• In order to prepare construction plans as required for a building permit application, the plans should be prepared following instructions in Bulletin 211-ADU Plan Requirements.
  • San Jose’s ADU Permit Service enables you or your contractor/project designer to schedule an appointment to submit your project plans and documents. During the appointment, you will meet with permit staff and discuss the project plans and documents.

Bay Area ADU Cost and Financing

Despite the lower construction costs of ADUs when compared to “conventional” affordable housing units constructed using Low-Income Housing Tax Credits, ADUs still require a significant financial investment to build. The median unit costs $150,000, which is about $250 per square foot. In order to finance these ADUs, homeowners across all races and economic status rely heavily on cash savings.

Generally speaking, the cost will depend on the size and type of ADU. ADUs in the San Francisco Bay Area region have a median construction cost of $177,500 ($329 per square foot). A new, custom-built detached ADU can cost upwards of $250,000.

Retrofitting an existing attached garage or basement is a more cost-effective solution. Modifying an existing building may cost approximately $80,000 to $150,000, depending on the size and plumbing.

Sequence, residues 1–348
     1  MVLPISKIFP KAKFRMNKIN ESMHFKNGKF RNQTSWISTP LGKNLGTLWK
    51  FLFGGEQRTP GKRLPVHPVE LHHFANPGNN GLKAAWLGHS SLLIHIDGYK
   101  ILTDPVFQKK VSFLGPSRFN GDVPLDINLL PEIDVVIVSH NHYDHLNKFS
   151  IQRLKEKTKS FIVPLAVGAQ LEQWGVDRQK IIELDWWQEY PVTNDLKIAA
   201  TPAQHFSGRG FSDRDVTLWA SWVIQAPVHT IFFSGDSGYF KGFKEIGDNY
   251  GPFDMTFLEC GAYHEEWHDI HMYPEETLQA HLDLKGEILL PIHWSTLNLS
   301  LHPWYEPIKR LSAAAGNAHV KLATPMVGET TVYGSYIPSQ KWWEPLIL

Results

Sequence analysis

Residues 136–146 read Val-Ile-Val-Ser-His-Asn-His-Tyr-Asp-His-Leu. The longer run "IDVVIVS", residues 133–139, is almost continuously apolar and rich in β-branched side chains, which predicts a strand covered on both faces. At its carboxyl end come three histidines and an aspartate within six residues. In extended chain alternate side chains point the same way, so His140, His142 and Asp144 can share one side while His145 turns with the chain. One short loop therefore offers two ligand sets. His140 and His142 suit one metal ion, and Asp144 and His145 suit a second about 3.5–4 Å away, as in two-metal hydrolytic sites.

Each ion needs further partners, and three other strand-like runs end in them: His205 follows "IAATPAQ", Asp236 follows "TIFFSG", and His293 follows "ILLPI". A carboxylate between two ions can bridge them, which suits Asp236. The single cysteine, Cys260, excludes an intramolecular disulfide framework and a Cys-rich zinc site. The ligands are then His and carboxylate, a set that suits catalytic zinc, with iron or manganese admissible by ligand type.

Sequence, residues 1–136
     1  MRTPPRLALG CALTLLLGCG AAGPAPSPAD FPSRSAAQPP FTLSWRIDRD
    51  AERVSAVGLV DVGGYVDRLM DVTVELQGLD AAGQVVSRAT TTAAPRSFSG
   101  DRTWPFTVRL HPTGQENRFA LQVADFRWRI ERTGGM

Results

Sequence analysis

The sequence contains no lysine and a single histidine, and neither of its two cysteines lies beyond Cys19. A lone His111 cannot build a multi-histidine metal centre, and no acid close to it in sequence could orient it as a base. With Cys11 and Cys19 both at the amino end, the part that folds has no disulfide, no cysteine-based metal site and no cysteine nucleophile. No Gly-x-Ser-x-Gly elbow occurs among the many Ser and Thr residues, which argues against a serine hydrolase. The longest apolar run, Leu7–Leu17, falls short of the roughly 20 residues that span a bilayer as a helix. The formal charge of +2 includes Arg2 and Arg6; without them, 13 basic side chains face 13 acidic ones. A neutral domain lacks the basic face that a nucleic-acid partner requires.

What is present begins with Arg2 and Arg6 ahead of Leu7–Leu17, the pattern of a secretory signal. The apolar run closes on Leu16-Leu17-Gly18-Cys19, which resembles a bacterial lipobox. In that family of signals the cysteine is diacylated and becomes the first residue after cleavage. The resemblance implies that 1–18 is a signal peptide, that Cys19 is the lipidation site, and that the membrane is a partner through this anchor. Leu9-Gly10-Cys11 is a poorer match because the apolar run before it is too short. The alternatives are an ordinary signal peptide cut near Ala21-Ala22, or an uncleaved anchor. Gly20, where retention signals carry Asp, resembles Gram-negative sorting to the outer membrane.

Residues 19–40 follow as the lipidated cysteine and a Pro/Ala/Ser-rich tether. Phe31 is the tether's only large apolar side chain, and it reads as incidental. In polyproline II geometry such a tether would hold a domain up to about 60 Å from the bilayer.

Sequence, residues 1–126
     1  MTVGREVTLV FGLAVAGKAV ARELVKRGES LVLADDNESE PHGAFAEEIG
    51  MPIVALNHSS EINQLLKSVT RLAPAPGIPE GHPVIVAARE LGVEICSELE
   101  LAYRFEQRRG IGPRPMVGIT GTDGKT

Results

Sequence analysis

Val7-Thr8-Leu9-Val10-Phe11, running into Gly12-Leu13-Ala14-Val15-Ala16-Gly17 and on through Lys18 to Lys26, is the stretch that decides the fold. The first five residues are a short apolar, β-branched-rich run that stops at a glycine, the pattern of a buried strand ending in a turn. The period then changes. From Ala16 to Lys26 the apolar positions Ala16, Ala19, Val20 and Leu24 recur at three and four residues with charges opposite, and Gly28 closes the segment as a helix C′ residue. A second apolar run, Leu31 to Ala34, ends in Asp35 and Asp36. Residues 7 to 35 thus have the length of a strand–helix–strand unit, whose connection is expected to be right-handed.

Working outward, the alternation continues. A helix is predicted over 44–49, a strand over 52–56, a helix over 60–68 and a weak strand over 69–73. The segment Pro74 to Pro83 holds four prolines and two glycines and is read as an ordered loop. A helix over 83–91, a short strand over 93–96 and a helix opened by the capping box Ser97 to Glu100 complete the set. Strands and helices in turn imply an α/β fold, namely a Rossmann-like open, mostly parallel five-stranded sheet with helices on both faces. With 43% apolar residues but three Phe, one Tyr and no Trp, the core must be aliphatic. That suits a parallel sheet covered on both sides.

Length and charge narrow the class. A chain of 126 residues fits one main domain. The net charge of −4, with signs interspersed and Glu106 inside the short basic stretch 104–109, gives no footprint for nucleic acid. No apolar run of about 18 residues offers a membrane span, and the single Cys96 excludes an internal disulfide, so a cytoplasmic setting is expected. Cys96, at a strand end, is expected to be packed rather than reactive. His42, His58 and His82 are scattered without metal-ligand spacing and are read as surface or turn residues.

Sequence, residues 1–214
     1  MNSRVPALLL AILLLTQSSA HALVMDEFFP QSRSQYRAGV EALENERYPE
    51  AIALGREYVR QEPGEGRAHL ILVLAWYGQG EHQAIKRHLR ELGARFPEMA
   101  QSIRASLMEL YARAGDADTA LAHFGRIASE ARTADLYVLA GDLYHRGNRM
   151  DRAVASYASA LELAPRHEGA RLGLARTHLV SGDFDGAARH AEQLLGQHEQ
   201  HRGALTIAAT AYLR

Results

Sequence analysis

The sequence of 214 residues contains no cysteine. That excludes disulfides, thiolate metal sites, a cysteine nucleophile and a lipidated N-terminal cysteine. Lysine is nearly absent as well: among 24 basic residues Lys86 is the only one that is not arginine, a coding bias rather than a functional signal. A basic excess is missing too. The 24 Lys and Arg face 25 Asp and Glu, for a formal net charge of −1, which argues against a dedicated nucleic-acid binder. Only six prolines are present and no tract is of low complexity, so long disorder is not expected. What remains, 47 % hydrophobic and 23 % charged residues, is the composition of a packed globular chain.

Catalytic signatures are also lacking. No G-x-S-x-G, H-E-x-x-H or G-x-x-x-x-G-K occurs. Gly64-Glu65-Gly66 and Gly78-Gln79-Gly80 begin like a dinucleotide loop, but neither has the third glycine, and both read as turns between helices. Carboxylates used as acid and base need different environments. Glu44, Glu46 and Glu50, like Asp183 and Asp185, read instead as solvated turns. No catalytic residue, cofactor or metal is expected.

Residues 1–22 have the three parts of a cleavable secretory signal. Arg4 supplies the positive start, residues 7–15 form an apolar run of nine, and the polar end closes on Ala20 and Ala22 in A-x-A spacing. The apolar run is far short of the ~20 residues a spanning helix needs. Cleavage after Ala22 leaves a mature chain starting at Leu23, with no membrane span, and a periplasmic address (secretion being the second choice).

Another way to lower the overall cost of an ADU is to work with a vendor who offers an ADU plan that is pre-approved by the City. Check out RenoFi’s favorite pre-approved ADU floor plans.

Finally, there are many state grants and other financial incentives for ADU buyers in California, including the CalHome Program, Local Early Action Planning (LEAP) grants, and the Local Housing Trust Fund (LHTF) Program. Many of these stem from ADU funding laws that just went into effect January 1, 2021. The Housing Trust Silicon Valley offers free educational workshops and financial assistance to Bay Area homeowners who are seeking to build an ADU.

Build your ADU with a RenoFi Loan

RenoFi can help you finance your ADU. RenoFi Loans are an option many of our clients take as the loan amount is based on the After Renovation Value (ARV) - essentially what the property will be worth after the addition of the ADU.

This means that you can leverage more finance than you could with a traditional Home Equity or HELOC (Home Equity Line of Credit) loan. RenoFi works with Credit Unions allowing us to offer the lowest possible rates on the market: more bang for your buck and less of a shock to the system when it comes to repayment.

Contact us to speak to a RenoFi Advisor - it’s free and they will be able to answer your initial questions and talk you through the process. You can also find out more about RenoFi Loans and how they work compared to traditional Home Equity Loans and HELOCs here.